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How Sheila Nelson made me love the violin

Violin teacher Sheila Nelson in 1981, teaching in Tower Hamlets. Photograph: Marika Lemos

You probably didn’t know that my mother was also a journalist – the apple never falls far from the tree, as they say. She was the Newsweek correspondent at the United Nations in the 60s, as you can read in her compelling 2012 autobiography, Don’t Ask Me Where I Come From. But I only recently discovered that in 1981, she wrote an article about my first violin teacher, Sheila Nelson.

Sheila, now 78 and retired, is one of the most respected pedagogues of her generation. Starting off as a follower of Suzuki, and then Paul Rolland, she eventually created her own system for teaching kids ‘Right from the Start’, as her books are called, and my mother’s article goes into a little of her philosophy. I was lucky to begin with Sheila when I was five – my brother Rafael already learnt with her and I was envious of the lollipops he got at lessons and the ice cream and jelly at concerts, so my mother undertook two extra weekly trips to Cromwell Avenue, Highgate, for me to learn too.

Much more importantly than sweets, Sheila gave me an unending love of music and of playing, in both senses of that word. Because at the beginning, learning was about playing – there were games and fun, as my mother’s article captures. There were individual lessons and group lessons, and Saturdays were spent running up and down her house playing chamber music. I still play with the friends I made there when I was five. Not all of us turned out as maestros, but Sheila created generations of players who love music and still play chamber music, and for that we all owe her a gigantic debt of thanks – indeed the whole classical music world does.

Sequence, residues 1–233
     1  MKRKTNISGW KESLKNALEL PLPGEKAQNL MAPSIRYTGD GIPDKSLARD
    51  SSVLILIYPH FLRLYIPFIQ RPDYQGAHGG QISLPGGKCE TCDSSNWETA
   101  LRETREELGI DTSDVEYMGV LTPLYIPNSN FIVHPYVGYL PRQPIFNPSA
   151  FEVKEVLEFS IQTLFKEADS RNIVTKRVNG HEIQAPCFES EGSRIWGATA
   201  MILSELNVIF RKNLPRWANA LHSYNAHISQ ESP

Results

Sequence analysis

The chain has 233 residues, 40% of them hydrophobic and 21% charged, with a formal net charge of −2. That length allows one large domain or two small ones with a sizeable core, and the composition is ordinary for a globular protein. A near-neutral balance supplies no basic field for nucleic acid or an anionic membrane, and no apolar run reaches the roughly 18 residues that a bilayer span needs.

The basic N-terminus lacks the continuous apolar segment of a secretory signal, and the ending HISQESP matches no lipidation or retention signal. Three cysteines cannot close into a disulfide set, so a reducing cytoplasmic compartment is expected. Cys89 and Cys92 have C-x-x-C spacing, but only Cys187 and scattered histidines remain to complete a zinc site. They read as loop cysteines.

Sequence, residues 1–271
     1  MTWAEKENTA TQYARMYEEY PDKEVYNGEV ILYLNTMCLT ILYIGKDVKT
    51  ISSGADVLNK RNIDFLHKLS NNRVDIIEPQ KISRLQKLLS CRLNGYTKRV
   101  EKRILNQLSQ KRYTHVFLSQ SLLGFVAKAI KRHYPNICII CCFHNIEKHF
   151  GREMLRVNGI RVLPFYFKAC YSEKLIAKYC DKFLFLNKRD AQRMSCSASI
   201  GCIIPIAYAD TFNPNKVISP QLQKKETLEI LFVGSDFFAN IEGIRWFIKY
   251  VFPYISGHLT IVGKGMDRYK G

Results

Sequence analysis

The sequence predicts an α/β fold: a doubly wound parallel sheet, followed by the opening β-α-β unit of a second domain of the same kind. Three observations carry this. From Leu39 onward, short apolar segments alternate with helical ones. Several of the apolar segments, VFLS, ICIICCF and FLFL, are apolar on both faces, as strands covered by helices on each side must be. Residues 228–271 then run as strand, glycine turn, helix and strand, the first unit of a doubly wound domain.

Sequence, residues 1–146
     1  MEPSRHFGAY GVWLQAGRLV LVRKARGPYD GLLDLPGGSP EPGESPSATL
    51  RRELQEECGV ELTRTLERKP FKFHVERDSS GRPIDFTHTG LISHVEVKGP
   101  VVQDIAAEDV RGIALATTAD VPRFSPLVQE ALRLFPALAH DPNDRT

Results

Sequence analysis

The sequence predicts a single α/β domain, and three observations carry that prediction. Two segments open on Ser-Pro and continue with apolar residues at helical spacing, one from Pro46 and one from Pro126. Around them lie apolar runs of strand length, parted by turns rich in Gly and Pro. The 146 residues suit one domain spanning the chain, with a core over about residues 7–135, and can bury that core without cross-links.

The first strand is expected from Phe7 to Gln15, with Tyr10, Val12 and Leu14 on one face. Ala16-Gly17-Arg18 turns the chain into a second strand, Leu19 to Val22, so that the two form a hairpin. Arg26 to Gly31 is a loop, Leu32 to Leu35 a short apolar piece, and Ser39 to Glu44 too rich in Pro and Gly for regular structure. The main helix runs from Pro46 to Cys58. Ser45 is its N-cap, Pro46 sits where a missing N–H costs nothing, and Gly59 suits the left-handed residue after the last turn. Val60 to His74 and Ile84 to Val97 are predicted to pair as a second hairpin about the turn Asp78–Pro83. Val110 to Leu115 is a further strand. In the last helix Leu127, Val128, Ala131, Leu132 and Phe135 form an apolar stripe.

The article is not about Sheila’s private teaching, though – it’s about a project she undertook in the 1980s to teach underprivileged kids in Tower Hamlets. The idea might sound familiar – only a few weeks ago I was at the graduation party at the Wigmore Hall for the Bridge Project, which is an ambitious and important scheme taking violins into the classes of Lambeth and Westminster schools. So there’s a certain heartbreaking frustration in knowing that the enormous value that Sheila created back then came to nothing when cuts were made to its funding, and that the wheel has had to be painstakingly reinvented. I don’t know much of the details of how the project ended, so I’d be interested to know if any of you have more information.

I’m publishing my mother’s article here, pretty much unedited, as a tribute to probably the two most influential women in my life.

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